By Dr. Kenneth R Webb
As I walked the exhibit floor at the AAO Annual Session in San Diego this past April, I stopped and talked to several of the company reps displaying the latest generation of CBCT scanners. Competition is good – what struck me is how far this technology has come in such a short period of time. Effective dose, image quality, and versatility are three areas where the advances are most impressive. I have witnessed these advancements first hand in my practice where we have been using CBCT since 2012 and recently upgraded a satellite office from a 2D digital Pan / Ceph to an “Ultra Low Dose” current generation CBCT scanner. I’d like to share some of my thoughts about the 2D to 3D transition.
I encourage anyone interested in CBCT technology to search for studies authored by Dr. John Ludlow and his team. Dosimetry data and image quality for many CBCT scanners (both older and current generations) have been researched in great detail. Comparative data for 2D dental radiographic imaging (both intra and extra oral) is also available. By replacing our 2D Digital Pan / Ceph with a current generation CBCT scanner we have reduced the effective dose of our diagnostic records imaging by approximately 60%. (Ludlow JB, Walker C. AJO-DO, 2013;144 (6): 802-817) This is accomplished with one, approximately 5 second, ultra-low dose CBCT scan compared to the two longer duration exposures (pan then ceph) required with 2D imaging. Certainly a win-win for our patients.
What else can we use the 3D data for? Digital models: used to assess the inter-arch and intra-arch relationship as well as aiding the determination of arch length and arch width requirements and assessing arch symmetry. Modelling labs can produce articulated 3D study models from the CBCT data (DICOM) files.
STL files of the patient’s dentition and occlusion can be uploaded into whatever software you may be using in your office for 3D model storage and viewing. Additionally, these models can be used (with appropriate software) to produce treatment simulations by “moving” individual teeth or the arches as a whole. Imagine completing your diagnostic records with Intra / Extra Oral photos and one 5-second CBCT scan!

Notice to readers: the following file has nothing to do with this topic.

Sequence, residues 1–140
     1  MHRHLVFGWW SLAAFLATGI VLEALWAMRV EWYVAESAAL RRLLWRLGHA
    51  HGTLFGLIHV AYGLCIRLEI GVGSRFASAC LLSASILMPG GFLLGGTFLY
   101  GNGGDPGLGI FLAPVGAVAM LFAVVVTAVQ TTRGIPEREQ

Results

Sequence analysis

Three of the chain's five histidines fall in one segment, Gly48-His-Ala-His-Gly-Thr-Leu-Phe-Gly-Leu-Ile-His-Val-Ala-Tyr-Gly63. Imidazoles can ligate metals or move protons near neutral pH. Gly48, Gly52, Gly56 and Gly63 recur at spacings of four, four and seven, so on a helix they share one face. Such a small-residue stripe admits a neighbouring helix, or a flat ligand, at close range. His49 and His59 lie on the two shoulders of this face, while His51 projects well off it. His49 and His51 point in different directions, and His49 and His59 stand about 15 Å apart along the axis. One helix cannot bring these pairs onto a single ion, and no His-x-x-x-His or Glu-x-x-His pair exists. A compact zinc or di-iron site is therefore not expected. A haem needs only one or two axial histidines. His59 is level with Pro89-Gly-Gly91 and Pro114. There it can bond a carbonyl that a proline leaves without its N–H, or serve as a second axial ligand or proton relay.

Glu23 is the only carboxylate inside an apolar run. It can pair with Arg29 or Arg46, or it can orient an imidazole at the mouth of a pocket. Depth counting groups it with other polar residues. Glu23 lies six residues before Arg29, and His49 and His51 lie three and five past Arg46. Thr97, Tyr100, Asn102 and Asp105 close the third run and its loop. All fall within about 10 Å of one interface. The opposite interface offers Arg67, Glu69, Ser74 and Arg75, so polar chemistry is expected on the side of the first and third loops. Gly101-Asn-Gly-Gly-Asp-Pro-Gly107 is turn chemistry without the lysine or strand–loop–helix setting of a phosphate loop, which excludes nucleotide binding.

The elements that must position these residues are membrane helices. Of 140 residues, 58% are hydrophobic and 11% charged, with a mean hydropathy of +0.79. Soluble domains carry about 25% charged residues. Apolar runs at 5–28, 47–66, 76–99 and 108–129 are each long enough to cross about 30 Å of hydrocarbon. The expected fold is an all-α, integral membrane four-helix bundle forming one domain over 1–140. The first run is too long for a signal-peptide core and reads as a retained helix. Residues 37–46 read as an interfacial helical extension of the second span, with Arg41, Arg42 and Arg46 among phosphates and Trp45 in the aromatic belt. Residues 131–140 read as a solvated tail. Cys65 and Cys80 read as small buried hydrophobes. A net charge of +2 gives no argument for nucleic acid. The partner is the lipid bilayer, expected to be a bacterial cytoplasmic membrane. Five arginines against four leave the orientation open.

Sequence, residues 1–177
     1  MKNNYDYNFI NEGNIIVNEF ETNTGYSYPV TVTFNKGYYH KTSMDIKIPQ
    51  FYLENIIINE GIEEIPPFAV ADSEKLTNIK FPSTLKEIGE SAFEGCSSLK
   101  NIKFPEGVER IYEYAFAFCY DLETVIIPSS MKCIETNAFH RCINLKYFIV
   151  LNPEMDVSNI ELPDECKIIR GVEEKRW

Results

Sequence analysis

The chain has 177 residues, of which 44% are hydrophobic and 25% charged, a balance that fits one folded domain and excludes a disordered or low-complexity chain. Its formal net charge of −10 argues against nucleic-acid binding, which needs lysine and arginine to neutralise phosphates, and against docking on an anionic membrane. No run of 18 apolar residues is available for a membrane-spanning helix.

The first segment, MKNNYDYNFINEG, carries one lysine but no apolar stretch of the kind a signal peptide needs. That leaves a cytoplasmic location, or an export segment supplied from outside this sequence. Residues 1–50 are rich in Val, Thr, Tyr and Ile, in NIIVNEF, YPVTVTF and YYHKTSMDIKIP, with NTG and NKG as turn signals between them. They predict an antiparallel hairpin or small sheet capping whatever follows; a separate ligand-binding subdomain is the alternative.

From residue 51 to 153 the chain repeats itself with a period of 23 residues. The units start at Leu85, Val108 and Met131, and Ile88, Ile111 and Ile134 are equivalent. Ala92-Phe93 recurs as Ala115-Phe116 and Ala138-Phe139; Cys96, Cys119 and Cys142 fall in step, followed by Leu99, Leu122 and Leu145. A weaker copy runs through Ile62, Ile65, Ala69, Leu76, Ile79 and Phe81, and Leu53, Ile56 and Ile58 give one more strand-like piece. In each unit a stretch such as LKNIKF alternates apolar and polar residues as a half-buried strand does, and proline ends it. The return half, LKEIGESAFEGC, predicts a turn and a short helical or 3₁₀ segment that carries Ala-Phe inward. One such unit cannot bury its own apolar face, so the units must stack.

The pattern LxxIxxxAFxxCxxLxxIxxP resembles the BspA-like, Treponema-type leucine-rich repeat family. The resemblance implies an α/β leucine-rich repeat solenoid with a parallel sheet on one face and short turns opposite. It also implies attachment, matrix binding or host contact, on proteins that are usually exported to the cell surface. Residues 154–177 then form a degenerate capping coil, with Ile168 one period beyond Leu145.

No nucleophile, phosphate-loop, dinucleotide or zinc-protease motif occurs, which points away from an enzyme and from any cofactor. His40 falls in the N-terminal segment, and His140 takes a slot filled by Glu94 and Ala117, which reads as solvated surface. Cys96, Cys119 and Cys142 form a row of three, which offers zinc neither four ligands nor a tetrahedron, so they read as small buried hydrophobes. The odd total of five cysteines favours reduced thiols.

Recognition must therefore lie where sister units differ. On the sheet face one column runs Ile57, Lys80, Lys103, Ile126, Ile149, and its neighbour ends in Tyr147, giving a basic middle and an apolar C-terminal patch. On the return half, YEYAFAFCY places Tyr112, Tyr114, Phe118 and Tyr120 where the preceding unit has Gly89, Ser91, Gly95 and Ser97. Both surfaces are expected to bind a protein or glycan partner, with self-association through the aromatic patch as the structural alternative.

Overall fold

Viewing the Diagnostic Data
The software that comes with a CBCT scanner can easily produce the customary 2D diagnostic images that we are used to evaluating (panoramic, lateral and A-P ceph). In addition – you see everything! The data can be viewed in sagittal, axial or coronal sections (slices) or as a 3D “volume rendering” which can be rotated and sliced (“clipped”) at will. So why is this additional information gained from CBCT imaging important?
You will see pathology in the 3D data that isn’t visible with standard 2D imaging. When pathology is visible in 2D, the 3D data can more accurately ascertain location, extent, and character of the area of concern. This is beneficial to our patients.
One of my first revelations when we began imaging in 3D was the prevalence and extent of “individual anatomic variation”. But how much is too much? We have made referrals to medical specialists for significant developmental anomalies in the cervical spine, nasal cavity and paranasal sinuses. Patients / parents are appreciative of the thoroughness of our diagnostic process that includes 3D imaging.